The Green Bay Packers fail to repeat as champions, losing to the Denver Broncos.
The Bulls once again beat the Utah Jazz in the NBA Finals to earn their 6th title in 8 years. The Jazz were the only team the Bulls faced twice in the finals during that run. Also, the Houston Comets repeat to win the second WNBA title in history over the Phoenix Mercury.
Curling debuts in Winter Olympics competition.
The Detroit Red Wings repeat as Stanley Cup champions (a lot of repeating this year) in another sweep, this time over the Washington Capitals.
The Yankees beat the Padres, denying Tony Gwynn his championship ring. Also, a young Kerry Wood would strike out 20 batters in a game and inspire 30,000 cards.
And in 1998, card manufacturers released 659 cards of Greg Maddux that I deemed worthy of my collecting efforts.
Thanks to the generosity of reader Jeremy, originally mentioned in our landmark 500th post (and in my 1993 Overload post, and 1994 post, and 1995 post, and 1996 post and 1997 post), I now have 40 more of those cards as I did before.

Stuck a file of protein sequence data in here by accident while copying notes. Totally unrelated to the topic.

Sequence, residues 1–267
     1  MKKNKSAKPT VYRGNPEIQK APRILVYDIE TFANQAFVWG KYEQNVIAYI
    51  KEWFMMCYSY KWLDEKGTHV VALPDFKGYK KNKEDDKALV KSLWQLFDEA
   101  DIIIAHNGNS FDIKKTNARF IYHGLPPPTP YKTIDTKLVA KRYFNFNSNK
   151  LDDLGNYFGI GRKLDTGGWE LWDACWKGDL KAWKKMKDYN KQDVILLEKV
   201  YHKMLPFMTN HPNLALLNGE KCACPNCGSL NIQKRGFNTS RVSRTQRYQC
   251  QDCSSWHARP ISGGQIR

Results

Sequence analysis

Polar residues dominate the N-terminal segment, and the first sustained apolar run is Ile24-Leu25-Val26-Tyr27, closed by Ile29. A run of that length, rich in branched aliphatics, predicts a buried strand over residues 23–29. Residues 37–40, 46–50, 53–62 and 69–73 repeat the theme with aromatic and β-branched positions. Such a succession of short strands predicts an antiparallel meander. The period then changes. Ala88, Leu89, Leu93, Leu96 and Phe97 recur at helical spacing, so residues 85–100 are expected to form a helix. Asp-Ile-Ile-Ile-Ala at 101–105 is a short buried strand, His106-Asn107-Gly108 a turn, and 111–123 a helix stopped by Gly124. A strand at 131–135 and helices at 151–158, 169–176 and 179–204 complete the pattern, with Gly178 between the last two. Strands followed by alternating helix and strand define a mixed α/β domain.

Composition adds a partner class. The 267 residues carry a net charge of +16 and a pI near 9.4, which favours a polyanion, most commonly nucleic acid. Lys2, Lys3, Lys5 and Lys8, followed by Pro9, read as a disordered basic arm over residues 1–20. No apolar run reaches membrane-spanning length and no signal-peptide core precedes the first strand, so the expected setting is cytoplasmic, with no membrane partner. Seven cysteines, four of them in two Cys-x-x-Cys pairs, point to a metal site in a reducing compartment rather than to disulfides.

1998 Before Jeremy – 26/659 cards – 4%
1998 After Jeremy – 66/659 cards (including two upgrades) – 10%
1998 more than doubles the amount of cards to chase. 1997 had a smidgen less than 300 cards, and now look at what has become of this hobby.
Since Jeremy’s package, I’ve acquired 19 more 1998 cards, adding nearly 3% to the grand total, so there’s plenty of progress yet to be made. For now, let’s focus on what Jeremy sent.
We go in alphabetical order, and so we’ll start off the year with a little Bowman. Bowman was light on the paper side, but will still present a challenge. Not as bad as Chrome, I’m sure.
Although I think Best outdoes them both. The refractors are all really low numbered (especially for the time) and are actually worth something.
I’m showing the back of this card because it’s from the Brave’s team set. Besides, how can you not love that stretching picture?
This is not from a team set. I loved Collector’s Choice because of stuff like this. Budget set with interesting and quirky inserts. I wouldn’t mind a double of this so I can put it together.